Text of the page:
Black Panther

Amazing movie; even the wife (she likes science and I like sci-fi) was impressed!

Throwing in a controversial question: why do Black people have such better PR over brown people?

Does being a model minority make us ever so (slightly) boring?

Either way #wakanda4ever. As an interesting aside I used to live next to Wakanda (in Uganda) for a little while.

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Shashi Tharoor on Kashmir

My wife sent me this link, exultant in how her fellow countryman triumphed in this particular Indo-Pak exchange. I know better than to disagree with her though I’m quite ambivalent on the K-issue.

The whole Indo-Pak issue seems interminable especially when the future of the world has shifted over to the technocratic West Coast.

https://www.youtube.com/watch?v=8PNBm0kCNQE&feature=share

Off-topic words that start with C tends to be quite powerful (it prefigured heavily in Vidhi’s life) but that’s just my bias after seeing Shashi rhapsodise about how India forged a national consensus out of different castes, creeds, colours, costumes, customs & cuisines (he could have added communities but who’s counting).

Other c-words that have a descriptive/identitarian nature; countries, counties, creatures, cretins..

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First they came for Babri

First they came for Babri Masjid, and I did not speak out—

Because they called it Ram Mandir.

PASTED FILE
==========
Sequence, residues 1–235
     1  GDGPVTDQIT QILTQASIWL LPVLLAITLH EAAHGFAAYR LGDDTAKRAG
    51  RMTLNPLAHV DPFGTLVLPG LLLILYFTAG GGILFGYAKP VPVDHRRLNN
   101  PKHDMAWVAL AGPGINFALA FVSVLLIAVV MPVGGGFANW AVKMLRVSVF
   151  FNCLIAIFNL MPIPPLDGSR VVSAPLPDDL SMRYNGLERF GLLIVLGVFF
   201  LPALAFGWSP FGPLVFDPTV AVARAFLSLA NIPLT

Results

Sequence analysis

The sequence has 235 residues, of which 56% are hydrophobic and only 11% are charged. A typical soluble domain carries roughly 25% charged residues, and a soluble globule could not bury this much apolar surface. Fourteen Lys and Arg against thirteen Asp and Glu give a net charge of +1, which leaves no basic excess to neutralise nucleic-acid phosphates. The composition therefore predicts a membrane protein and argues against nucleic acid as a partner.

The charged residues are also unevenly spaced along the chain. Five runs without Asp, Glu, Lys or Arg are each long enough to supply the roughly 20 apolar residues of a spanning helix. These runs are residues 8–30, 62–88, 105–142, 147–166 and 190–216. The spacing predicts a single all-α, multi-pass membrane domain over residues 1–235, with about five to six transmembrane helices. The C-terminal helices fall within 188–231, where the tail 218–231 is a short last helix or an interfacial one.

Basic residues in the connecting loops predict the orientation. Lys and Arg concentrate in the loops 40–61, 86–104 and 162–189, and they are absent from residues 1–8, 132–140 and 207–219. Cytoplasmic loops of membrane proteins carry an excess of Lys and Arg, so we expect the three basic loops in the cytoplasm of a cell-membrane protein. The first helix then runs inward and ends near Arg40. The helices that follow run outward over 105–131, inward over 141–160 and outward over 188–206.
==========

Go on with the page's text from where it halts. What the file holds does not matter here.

Then they came for the Gujarati Muslims, and I did not speak out—

Because 170mn Indian Muslims shivered with fear.

Then they came for Beef and I did not speak out—

Because red meat has side effects.

Then they came for Akbar- and now it’s war!

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Persian & Ranjit Singh

When Ranjit Singh established a sovereign Punjabi kingdom in 1799, he did make serious efforts to encourage the teaching of Punjabi. According to some accounts, he ensured that every household was supplied with a free qaida, a primer of Punjabi language. As a result, there was massive increase in literacy, especially female literacy, in Punjab. One estimate, perhaps an exaggeration, suggests that there was nearly 100 per cent literacy by the end of the Punjabi kingdom in 1849. However, even Ranjit Singh did not give the official status to Punjabi in spite of it being a highly developed literary language. The Persian language continued to be the language of the court and official administration. Since no formal explanation of this contradictory approach by Ranjit Singh to Punjabi language — promoting its use but not giving it an official status — is available, we can merely speculate that it could be due to sheer administrative convenience that the use of Persian continued for official purposes.

From: When future of Punjabi language was secured

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10 Indians who have made a global marki